August 04, 2006

Wilber, Chalmers, Stoljar, Seth Lloyd

Anand Rangarajan Says: August 3rd, 2006 at 5:04 am Hi Mark, Thanks. The above was really helpful. Let’s leave aside the dual-aspect issue for the moment. You say “If you hold on doggedly to one of those points of view (physicalism) and deny the validity of the others (psychism) .” But that’s not what we (analytic philosophers, consciousness researchers) want to do. We want to redefine the physical to include psychism. That is, we want an expanded physical that accommodates different perspectives of that same physical. And the different perspectives shape and themselves are shaped in the new physical. The approach very simply then is to accommodate any new “fact” into the expanded physical. Why is this problematic?
Andy Smith Says: August 3rd, 2006 at 12:42 pm Anand: I just read the Stoljar article in the link you kindly provided. While it’s an interesting approach, I don’t see how postulating another kind of physical (o-physical) really helps solve the mind-body problem. He admits we may never be able to perceive or have direct evidence for this kind of physical world. And if it really is such that qualia can supervene on it, I would think we never would see it. His analogy of triangles and pie pieces, like all analogies that try to explain why we can’t understand qualia as somehow arising from the physical world, falls very short. I felt he was trying to close the gap between qualia and the physical with something between them, but at our present understanding, this is like a gap between finite and infinite, and we know there is nothing between them that is not either finite or infinite, which is to say, there is nothing between them.
I am much closer to Mark here, in believing that there is something profoundly different about qualia. I tend to lean towards the panpsychist view, or property dualism, but I’m very understanding of the criticism that it’s big list metaphysics. I was very interested in your mention of Seth Lloyd. I recently read his book Programming the Universe. One thing struck me in particular, so much so that I composed a letter to him, though I haven’t emailed it yet (still mulling it over). Near the end of the book, when he discusses making a quantum computer, he says “a simulation of the universe on a quantum computer is indistinguishable from the universe itself” (p.154) .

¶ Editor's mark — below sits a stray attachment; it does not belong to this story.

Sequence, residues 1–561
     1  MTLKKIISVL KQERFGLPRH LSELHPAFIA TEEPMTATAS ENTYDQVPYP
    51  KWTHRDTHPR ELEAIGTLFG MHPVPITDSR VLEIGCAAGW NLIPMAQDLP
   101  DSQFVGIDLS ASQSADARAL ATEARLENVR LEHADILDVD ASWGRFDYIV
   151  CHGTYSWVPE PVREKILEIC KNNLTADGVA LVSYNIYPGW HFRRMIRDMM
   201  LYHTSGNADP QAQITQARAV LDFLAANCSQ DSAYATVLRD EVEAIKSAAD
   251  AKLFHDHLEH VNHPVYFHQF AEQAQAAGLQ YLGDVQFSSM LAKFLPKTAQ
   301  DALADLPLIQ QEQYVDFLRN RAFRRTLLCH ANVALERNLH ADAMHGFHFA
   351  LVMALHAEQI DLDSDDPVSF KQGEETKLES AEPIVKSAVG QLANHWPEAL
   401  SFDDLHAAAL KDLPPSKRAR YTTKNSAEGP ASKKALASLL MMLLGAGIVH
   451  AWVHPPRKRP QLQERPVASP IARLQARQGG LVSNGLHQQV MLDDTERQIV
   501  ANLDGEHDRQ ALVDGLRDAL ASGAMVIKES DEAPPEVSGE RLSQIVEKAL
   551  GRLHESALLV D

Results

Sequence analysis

It seems to me that if this is true, and if such a quantum computer could really be built, it would solve the zombie problem. As used by philosophers of mind, a zombie is someone just like an ordinary person, but with no qualia. There is tremendous debate among philosophers over whether zombies are logically possible, because if they are, that implies that physicalism is false. That is, if two beings atom for atom identical exist, but one has qualia and the oher does not, it seems that qualia are not supervenient on the physical world.
Anand Rangarajan Says: August 3rd, 2006 at 12:45 pm Response to Mark: Perhaps the problem (with my proposal) is with the word physicalism. If the word were changed to naturalism, would you feel the same way? The reason why I’m asking this is that the new “physicalism” (in scare quotes now since the word may not survive) would have to be a postmodern physicalism that takes first (and second) person facts into account. In your thought experiment, you’re trying to predict a first person phenomenon - banananess - from the knowledge of only third person facts - neuronal structures and functions and bridging laws. I don’t see how this is going to work.
The new physicalism or naturalism would predict - based on the first person report of banananess - that a certain first person sensory stimulation perspective of a certain kind existed for a few moments while the banana was being eaten and fill out certain facts (unknown at this time) regarding a base set of banana eating possibilities (yumminess or yuckiness I think what’s happening in our dialog here is that I am not doing a good job of conveying just how different the new “physicalism” has to be from the old physicalism in order to accommodate prehensions, sensations, perceptions, emotions, thoughts, visualizations and PCEs not to mention cultural (second person) facts as well.
Response to Jim: I’ll keep this short. First, please, please see Gregg Rosenberg’s book “A Place for Consciousness” . It is one of the very best (and latest) books on panexperientalism. Rosenberg followed Chalmers in the sense of getting his Ph.D. from Indiana. Second, there’s a huge problem with causation. For a philosopher, causation amounts to “A caused B” in a causal network. Unfortunately, in physics, all we have at present are glorified correlations which change with the way the wave function evolves. So there’s a gap there. Wilber’s comments on causal closure are very vague, so let’s ignore them for the time being. Here’s my argument that causal closure is not a problem.
i) We have independent reasons for beginning with a new physicalism which generates particles, spacetime, experience etc. since we need this new physicalism to accommodate experience. (Stoljar’s argument)
ii) The new physicalism will have to have something like perspectives (Wilber’s argument) which operate on a physicalist base - a set of possibilities perhaps (Seth Lloyd’s argument) - and shape them.
iii) The interaction of perspectives with a base set of possibilities generates experience (my hypothesis).
iv) As a by-product, when perspectives operate on possibilities, you get actual causation and not merely correlations (argument adapted from decoherence).
All this is obviously on the wild side, but please note that we need the new physicalism to accommodate experience and when we use perspectives as one aspect of the physical operating on possibilities, we get causation for free.

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